A new study has raised the possibility that ultrasound is not as useful as has been suggested.
In a recent article published in Ultrasound, the Journal of the British Medical Ultrasound Society Dr Hylton Meire has suggested that effectiveness of foetal 'nuchal thickness' as a technique for attempting to diagnose Down's syndrome in obstetric ultrasound is overstated and reliance on this surrogate marker may result in the 'loss' of normal babies.
Dr. Meire predominantly emphasises the lack of scientific data to support the use of foetal 'nuchal thickness' measurements in routine clinical ultrasound practice to determine the presence of Down's syndrome.
The nuchal translucency thickness scan is an ultrasound scan performed between 11 and 13+6 weeks of pregnancy, during which the fluid at the back of the baby's neck (the nuchal translucency) is measured. Babies with abnormalities are likely to build up more fluid at the back of their neck during the first trimester, causing this clear space to be larger than average.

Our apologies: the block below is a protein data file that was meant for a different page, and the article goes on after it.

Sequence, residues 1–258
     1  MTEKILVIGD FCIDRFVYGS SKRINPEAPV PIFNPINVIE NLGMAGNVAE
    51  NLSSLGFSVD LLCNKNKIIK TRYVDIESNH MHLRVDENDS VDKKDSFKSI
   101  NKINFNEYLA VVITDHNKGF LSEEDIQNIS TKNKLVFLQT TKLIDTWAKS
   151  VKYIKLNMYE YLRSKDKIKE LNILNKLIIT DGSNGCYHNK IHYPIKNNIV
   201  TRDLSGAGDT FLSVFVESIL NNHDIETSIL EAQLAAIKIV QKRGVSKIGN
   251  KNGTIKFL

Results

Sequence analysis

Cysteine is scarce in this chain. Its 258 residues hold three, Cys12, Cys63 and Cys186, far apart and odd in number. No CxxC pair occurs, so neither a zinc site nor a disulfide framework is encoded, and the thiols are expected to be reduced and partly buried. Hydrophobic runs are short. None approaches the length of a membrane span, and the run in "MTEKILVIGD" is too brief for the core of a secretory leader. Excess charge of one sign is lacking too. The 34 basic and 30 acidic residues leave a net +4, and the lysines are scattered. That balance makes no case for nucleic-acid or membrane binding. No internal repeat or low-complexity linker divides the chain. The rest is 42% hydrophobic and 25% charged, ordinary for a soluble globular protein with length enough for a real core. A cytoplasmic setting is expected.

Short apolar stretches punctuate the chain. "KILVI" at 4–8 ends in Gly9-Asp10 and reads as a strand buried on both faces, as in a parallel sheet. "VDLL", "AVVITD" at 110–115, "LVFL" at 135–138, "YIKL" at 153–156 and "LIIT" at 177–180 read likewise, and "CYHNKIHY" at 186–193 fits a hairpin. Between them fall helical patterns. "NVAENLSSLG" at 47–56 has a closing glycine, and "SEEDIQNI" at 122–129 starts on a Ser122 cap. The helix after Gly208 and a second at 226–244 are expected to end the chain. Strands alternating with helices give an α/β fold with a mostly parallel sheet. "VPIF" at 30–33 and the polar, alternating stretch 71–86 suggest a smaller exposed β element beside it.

For the study, Dr Meire reviewed the available scientific evidence in support of the routine use of ultrasound as a screening procedure for pregnant women. He focussed on the 'routine abnormality scan', typically performed at 18-20 weeks of pregnancy, and appraisal of the foetal 'nuchal thickness' performed at 11-13 weeks as a screening procedure for chromosome abnormalities such as Down's syndrome.
He concluded that there is no convincing data showing any population benefit from the 18-20 week scan and showed that this position has been agreed by many of the world's major medical bodies for many years. Several of these bodies have expressed the need for a large confirmatory study but accept that no such study has yet been performed.
Dr Meire also revealed that the value of 'nuchal thickness' measurement has probably been overstated and the technique has not been subjected to valid scientific and statistical enquiry. Using this technique to try to prevent the births of all cases of the two most common chromosome abnormalities in the UK would lead to the loss of 3200 normal babies every year.